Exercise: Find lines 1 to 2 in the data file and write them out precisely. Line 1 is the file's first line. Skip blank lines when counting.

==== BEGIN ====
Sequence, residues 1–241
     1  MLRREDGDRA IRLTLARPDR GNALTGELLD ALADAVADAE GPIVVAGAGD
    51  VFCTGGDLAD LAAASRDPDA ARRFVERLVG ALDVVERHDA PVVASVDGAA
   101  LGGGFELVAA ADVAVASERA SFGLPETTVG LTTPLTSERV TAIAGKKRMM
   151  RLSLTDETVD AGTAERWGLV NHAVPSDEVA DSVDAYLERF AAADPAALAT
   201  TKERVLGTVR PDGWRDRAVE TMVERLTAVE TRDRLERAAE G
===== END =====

Sequence, residues 1–241
     1  MLRREDGDRA IRLTLARPDR GNALTGELLD ALADAVADAE GPIVVAGAGD